About chemotherapy

Most chemotherapy drugs travel through the bloodstream to target dividing cells fast

Unfortunately, chemotherapy drugs cannot target only cancer cells. These drugs will also affect some normal cells. Normal cells recover faster than cancer cells though. This will let us damage more cancer cells with every treatment. 

What we use chemotherapy for  

  • As a cure - alone or alongside other treatments to cure some cancers. 
  • As a secondary treatment - before or after the first treatment. The first treatment is also known as primary treatment. 
  • Before primary treatment (neo-adjuvant therapy) - to make the cancer smaller before other primary treatments. These treatments include surgery or radiotherapy. 
  • After primary treatment (adjuvant therapy) - to treat cancer cells left after other treatments. 
  • To control cancer - to control and slow the growth of cancers for extended periods of time. 
  • For symptomatic relief -  to treat the symptoms and pain of cancers that we cannot cure. We call this palliative treatment. 

How we deliver chemotherapy 

The type, length and frequency of chemotherapy differs a lot between patients. It depends on: 

  • The type of cancer you have 

  • The drugs used for treatment  

  • The purpose of your chemotherapy

Usually, we give chemotherapy as a period of treatment followed by a break. We call this a ‘cycle of treatment’. The rest periods between the courses let the healthy cells repair themselves. It also lets the body recover from any side effects. The number and frequency of treatments depends upon the type of cancer you have and the drugs you need. The length of your treatment will depend on how the cancer responds to the drugs. It may take several months. We could give treatments daily, weekly or even monthly within a cycle.

Common types of chemotherapy

Intravenous chemotherapy 

A liquid drip into your vein is the most common way to receive chemotherapy. Most patients receive chemotherapy as an outpatient in our Day Therapy unit, but you might receive your chemotherapy on the ward, or even at home by a portable pump. This is likely if we administer therapy ongoing over several days.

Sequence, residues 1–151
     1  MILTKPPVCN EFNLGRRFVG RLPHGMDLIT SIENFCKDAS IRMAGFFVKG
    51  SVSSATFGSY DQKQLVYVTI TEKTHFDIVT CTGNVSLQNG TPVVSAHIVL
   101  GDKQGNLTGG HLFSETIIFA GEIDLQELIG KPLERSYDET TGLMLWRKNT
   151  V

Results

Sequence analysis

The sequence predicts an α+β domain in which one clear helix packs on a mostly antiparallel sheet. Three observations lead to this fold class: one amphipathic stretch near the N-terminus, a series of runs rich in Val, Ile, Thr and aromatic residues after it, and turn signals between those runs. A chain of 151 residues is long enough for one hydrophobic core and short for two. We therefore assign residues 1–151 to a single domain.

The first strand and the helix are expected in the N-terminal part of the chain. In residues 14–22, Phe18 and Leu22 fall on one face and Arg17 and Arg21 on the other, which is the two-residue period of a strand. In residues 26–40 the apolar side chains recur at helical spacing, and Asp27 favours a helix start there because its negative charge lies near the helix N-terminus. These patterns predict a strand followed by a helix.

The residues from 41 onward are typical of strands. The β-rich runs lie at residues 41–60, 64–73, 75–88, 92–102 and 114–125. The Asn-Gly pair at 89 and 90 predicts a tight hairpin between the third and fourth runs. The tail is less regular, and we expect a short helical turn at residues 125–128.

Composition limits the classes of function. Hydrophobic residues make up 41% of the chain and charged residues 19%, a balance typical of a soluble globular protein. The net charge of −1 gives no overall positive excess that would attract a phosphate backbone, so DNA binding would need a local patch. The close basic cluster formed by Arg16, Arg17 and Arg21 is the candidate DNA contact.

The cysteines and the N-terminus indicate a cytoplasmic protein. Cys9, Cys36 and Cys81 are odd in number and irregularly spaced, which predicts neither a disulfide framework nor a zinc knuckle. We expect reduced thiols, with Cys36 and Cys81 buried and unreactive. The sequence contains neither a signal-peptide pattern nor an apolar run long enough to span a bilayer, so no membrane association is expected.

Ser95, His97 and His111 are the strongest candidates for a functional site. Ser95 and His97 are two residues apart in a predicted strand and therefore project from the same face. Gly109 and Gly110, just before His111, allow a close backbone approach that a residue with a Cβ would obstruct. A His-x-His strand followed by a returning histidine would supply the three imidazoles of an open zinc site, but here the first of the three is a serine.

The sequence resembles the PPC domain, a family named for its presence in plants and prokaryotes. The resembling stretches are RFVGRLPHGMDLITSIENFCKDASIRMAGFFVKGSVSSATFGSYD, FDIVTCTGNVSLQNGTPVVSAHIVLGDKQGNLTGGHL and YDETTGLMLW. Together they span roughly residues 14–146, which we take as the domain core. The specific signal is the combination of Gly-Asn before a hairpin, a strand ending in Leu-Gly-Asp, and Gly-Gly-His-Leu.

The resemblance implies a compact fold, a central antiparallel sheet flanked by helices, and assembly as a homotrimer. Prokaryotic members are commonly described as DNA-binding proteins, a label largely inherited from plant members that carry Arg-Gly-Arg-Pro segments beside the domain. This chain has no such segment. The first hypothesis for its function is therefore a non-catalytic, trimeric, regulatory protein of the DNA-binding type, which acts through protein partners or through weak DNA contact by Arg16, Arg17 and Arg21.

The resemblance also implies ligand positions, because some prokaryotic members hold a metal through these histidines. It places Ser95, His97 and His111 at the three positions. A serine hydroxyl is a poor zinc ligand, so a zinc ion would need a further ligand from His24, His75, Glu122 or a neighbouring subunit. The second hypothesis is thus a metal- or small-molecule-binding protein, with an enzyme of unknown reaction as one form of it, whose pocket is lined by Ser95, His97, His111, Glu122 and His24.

There are two ways to receive intravenous chemotherapy: 

  • The veins in your arms

  • A device known as a central venous catheter. We place this device into one of the large veins in your chest. We then leave it in there until your course of treatment is complete. Having these inserted feels like having a blood test or an injection

Administering chemotherapy can take between 20 minutes and several hours. This depends on what kind of treatment you are having. Generally, your treatment will be a few hours long. You may have to wait for appointments before or after your treatment. So, make sure you allow more time than you expect your treatment to take. 

Oral chemotherapy 

We can give some treatment by oral tablets or capsules that you take at home. Your treating team will watch your oral chemo. This will let them ensure you take your tablets at the right time and handle them in the right way. 


We can use chemotherapy creams on the surface of the body. This will treat some skin cancers, and you would administer these yourself. 


We can inject chemotherapy into various parts of your body including:  

  • Muscles 

  • Under the skin 

  • Into the fluid around the spine (lumbar puncture) 

  • Into an artery